Shaking off that sinking feeling of despair and ignoring the ulterior motives behind the trades, we are definitely sellers. With nothing readily available in the minor league cupboard, we sorely need to prop up our farm system. It’s part of the reason we had difficulty securing better pitchers in the off-season, particularly during the winter meetings. We have glaring weaknesses in our pitching, weaknesses that cannot be overcome with our dry minor league system. Given such a lack of quality starts from our rotation, besides our pleasant surprise of José Ureña and SOME dependability from Dan Straily and to a far lesser extent Edinson Volquez…the rotation in my eyes as a whole has been a failure.
The bullpen for all its ups and downs, has largely performed admirably. In the Cardinals series alone the bullpen accounted for just over 17 innings. 17 innings. Really? Those sort of numbers are unsustainable, leading to a depleted bullpen for subsequent games. And the offense can’t do it alone especially on days where 5 or 6 runs just won’t cut it.
And so I’ve come to the conclusion that in an effort to either replenish our farm system or open up some cap space to sign other players in the future, or a combination of the two, we need to send out trade feelers because as much as it pains me to say it, this won’t be a playoff team.
We should only look to keep Giancarlo Stanton and Christian Yelich to protect at least some of that core. Stanton purely on the grounds that it will be difficult, though not impossible, to find a team who wants to take on the rest of a 13-year $325 million dollar contract. That and he is the face of the franchise.
The players we should definitely be dangling are Martin Prado, whom we just signed to a 3-year deal worth $40 million, Dee Gordon, José Ureña and yes even Marcell Ozuna. According to USA Today, Dee has the third-most expensive contract via total value coming in at $50 million. Despite being 29, the kid still has some years left in him and is definitely a speedster. There is value in that at least to get some decent prospects, if anything to clear some salary cap space. Now that you know what our first and third most expensive contracts on total value are, would you like to take a guess who’s coming in at number 2? Wei-Yin Chen. We signed that guy through 2020 in a 5-year contract worth $80 million. Ouch, can we get a mulligan please?
Say hi to the Major League leader in RBI! 👋
— Miami Marlins (@Marlins) July 6, 2017
Trading Ozuna would make sense in a very objective manner due to how well he has played, coupled with he isn’t saddled with a gigantic contract like Stanton. We got him on a one year deal at $3.5 million. If we really wanted to, we could grab us a good pitcher or two serviceable starters to bolster the rotation. Or we could use this to grab us some high-tier prospects. The same can be said, though to a much lesser extent, about Ureña (1-year/$535,000). Why trade our only bright spot? We can’t win on him alone, he pitches every 5-6 days depending, and like Ozuna this can be our chance to cash him in. It hurts just writing all this but the strategy is sound.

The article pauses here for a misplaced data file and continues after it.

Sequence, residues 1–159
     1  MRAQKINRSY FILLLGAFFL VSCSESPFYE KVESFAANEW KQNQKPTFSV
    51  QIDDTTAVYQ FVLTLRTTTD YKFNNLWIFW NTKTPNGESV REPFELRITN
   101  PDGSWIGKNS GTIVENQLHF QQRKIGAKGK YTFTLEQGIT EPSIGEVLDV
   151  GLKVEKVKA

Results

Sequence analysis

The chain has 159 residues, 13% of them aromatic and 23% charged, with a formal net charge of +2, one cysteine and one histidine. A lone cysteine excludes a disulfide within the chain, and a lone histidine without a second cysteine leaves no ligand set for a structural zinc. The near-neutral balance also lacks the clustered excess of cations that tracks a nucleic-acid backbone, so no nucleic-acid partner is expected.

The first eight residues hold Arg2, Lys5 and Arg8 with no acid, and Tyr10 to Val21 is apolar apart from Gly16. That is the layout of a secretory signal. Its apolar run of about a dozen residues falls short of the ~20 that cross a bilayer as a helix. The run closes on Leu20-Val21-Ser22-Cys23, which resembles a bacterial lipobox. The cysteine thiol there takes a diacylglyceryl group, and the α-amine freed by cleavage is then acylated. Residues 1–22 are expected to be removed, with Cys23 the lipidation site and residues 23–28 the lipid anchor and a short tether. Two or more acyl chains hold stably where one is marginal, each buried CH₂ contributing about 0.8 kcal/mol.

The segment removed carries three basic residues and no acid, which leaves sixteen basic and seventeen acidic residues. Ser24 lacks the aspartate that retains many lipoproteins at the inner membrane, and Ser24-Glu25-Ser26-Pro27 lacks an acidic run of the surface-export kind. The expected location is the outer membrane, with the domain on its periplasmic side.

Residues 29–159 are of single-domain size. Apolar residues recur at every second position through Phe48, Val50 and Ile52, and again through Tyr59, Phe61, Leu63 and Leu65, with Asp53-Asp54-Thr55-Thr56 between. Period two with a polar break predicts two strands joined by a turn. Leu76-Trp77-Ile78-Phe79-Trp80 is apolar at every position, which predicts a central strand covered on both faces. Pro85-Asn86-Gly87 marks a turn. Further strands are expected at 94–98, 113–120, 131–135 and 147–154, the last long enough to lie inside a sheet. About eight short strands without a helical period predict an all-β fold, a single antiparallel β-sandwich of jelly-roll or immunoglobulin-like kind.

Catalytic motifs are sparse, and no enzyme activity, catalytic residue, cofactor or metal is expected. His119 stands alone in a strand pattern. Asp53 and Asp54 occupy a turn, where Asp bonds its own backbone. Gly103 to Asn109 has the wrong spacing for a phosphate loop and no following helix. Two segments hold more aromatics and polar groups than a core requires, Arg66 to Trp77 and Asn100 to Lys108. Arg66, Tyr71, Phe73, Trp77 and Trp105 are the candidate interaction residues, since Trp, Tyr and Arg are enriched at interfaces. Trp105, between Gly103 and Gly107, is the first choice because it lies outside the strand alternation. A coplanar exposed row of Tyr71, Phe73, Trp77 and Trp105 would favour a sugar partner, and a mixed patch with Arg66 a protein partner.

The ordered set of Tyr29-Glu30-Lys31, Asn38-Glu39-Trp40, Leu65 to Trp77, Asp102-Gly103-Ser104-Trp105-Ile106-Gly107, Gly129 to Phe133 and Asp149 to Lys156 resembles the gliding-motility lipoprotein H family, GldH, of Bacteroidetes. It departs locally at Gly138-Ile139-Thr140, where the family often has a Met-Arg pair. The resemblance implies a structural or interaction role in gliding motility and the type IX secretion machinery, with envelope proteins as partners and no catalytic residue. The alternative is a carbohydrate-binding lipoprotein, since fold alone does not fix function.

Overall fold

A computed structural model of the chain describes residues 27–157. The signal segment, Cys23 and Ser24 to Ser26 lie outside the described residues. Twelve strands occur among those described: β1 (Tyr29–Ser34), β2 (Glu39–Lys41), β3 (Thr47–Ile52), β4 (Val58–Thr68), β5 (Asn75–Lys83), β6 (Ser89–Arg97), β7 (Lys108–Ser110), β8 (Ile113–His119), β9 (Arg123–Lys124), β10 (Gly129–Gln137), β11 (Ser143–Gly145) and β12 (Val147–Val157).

Other players to consider are Derek Dietrich (1-year/$1.7M), J.T. Realmuto (1-year/$562,500) and Justin Bour (1-year/$552,500). Dietrich can replace Prado or Gordon but in the event neither is shipped out, you’ll have to deal Dietrich and move up someone else from the minors as a backup, though you’ll get less. J.T Realmuto has been a dependable backstop and while it would be sad to see him go, we can always resort to A.J. Ellis. And if we’re looking to trade away anyone of the Big 3 without hurting our offensive power, look no further than Justin Bour. The man hits them out of the park with relative ease and was given All-Star consideration despite falling short in the final vote tally. Not to mention, he has a very capable replacement waiting in the wings in the form of Tyler Moore.
We gotta face facts, and the fact of the matter is this team is likely heading into rebuild mode unless the baseball gods give us a hell of a July. But even then, it would just serve to raise the value of our trade bait and advance our dastardly owner’s aims. We can only wait and pray. Until next time, stay frosty.
Stat of the Week: 28 2/3. To hammer this home, the bullpen in the span of a week has logged in a little over 28 innings, including the Brewers series. If the planned roadmap for the starting pitching was followed, the 6 inning minimum with the assumption you won the road games, the bullpen should have only put in 21 innings of work. We go way over.
— Bob Nightengale (@BNightengale) July 5, 2017
San Francisco Giants: July 7-9 (Away)
Views from the Cheap Seats is a biweekly segment where a Miami raised sports nut recaps, screams and analyses a week’s worth of games giving a toast, or the finger, to his hometown team depending on their performance. A truly hopeful but always realistic fan putting thoughts to pen to paper and always striving to improve. Be bold, be good, be you.